Is it Organic?

Farmivore is passionate about land stewardship, and providing access to clean food.  We view Organic as a philosophy and movement, not simply a label.  We strive to move beyond the label and carry the spirit of the organic movement forward.  I mean, this is why we chose to be farmers ourselves!  As a team, we geek out over things like compost, minimal tillage and bio-intensive practices.  This is something we passionately live out on our own farms, and look for in the farms we partner with.

The majority of produce sold through Farmivore comes from farms that have chosen to adopt organic certification.  Over 80% of our produce comes from certified organic farms each week.  Some of our staple certified farms include John Givens, McGrath Family of Farmers, Baby Root Farm, Alex Frecker, Steel Acres, and Ken Lee.

But we don't just buy from anyone, even if they are certified.  Our goal is to know our farmers!  When we see a certified organic label, we don't like to stop there.  We love asking further questions, and highlighting individual practices that go over and above the letter of the law in order to qualify for certification.

Take John Givens for example.  He's not required to have his own on-farm composting operation, but he does.  In John's words, if you are not laying down organic matter on a regular basis, you are simply mining the soil for nutrients.  It's not enough to import "organic fertilizers" from off-site.  John is going the extra mile and converting their farm scraps into fertile soil.  That's the kind of commitment to stewardship that makes us excited about working with a farmer.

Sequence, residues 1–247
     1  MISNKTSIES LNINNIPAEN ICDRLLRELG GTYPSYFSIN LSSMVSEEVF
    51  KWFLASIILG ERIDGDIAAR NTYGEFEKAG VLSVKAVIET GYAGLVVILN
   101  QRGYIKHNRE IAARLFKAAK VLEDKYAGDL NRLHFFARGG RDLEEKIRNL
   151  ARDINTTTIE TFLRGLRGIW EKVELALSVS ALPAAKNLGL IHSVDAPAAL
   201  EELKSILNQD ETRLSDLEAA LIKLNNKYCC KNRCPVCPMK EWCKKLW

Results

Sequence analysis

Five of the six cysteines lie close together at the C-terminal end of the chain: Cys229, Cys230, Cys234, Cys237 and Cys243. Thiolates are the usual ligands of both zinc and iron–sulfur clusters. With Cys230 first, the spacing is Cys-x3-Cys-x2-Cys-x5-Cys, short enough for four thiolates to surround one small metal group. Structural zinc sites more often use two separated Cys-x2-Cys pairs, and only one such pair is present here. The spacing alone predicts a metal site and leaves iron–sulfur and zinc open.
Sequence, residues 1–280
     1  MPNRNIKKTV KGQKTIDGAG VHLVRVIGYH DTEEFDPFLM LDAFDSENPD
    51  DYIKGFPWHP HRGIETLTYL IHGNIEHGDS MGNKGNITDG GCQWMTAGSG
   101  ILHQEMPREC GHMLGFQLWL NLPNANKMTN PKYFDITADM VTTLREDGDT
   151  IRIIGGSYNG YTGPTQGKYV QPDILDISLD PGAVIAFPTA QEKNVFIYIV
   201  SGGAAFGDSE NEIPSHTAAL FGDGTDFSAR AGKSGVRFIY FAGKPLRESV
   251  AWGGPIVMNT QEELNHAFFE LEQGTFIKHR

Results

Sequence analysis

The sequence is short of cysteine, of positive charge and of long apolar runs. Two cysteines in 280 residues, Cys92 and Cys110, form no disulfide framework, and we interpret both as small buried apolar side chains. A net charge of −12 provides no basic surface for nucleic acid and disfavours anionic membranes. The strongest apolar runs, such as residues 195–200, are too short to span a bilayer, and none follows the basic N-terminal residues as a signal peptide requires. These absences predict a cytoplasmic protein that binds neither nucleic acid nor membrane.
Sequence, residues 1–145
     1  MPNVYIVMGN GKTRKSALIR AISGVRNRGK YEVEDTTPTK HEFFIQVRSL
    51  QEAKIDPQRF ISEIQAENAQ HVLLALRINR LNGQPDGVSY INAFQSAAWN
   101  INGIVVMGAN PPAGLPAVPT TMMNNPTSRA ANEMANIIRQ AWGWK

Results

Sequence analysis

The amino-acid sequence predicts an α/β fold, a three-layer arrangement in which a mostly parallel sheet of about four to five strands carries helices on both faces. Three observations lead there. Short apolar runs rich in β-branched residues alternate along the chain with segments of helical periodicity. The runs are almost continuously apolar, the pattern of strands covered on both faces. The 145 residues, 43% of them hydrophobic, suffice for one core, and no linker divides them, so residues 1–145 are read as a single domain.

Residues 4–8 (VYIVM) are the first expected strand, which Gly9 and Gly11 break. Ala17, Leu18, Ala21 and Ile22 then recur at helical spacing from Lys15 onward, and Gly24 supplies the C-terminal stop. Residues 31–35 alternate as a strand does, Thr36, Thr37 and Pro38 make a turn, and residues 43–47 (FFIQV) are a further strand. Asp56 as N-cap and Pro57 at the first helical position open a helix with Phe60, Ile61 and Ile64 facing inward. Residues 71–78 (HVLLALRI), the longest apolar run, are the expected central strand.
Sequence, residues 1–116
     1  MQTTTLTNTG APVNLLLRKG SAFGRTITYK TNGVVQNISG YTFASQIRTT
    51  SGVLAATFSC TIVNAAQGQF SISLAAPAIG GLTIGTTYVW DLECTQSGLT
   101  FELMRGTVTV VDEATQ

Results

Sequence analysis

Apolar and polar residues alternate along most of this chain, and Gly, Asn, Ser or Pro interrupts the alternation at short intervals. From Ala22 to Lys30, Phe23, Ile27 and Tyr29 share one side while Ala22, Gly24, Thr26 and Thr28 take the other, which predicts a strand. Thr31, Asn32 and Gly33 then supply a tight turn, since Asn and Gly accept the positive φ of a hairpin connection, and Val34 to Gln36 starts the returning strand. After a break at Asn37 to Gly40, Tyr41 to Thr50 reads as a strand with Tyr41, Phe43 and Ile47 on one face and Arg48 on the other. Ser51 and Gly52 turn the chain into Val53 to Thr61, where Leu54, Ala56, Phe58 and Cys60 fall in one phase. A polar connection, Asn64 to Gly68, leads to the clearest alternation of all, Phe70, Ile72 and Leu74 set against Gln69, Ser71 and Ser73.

Ironically, we've encountered plenty of farms that have opted out of organic certification, but subscribe 100% to the philosophy and methodology. The truth is, soil life and farming are so intricate and diverse, you can never fully capture the organic philosophy in a "set of standards." Setting national standards can have the unintended consequence of creating a mindset of "minimum requirement" and "compliance" rather than fully embracing the vocation to be a serious land steward.

When we see small farmers walking the walk, but eschewing the organic label, we don't have a problem with that. Small Farmers have a lot to contend with on a daily basis, and certification adds cost, extra paperwork, and some find it insulting that customers care more about a label than they do about getting to know them and their farm, and asking questions.

We gladly support small and family farms that exhibit overall sustainable and ecological methods on their farms, and we are happy to answer questions about their methods, or pass the questions on directly to them.  After all, since we know our farmers, we can do  that!

For our part, we can look you straight in the eye, and tell you that we wouldn't sell you anything we wouldn't eat, or feed our kids.  We're not buying from guys that lace their crops with synthetic chemicals.  We're in this to change the world, and it's only going to happen when we see past the labels and rebuild the broken network of relationships between growers and eaters that used to characterize American agriculture.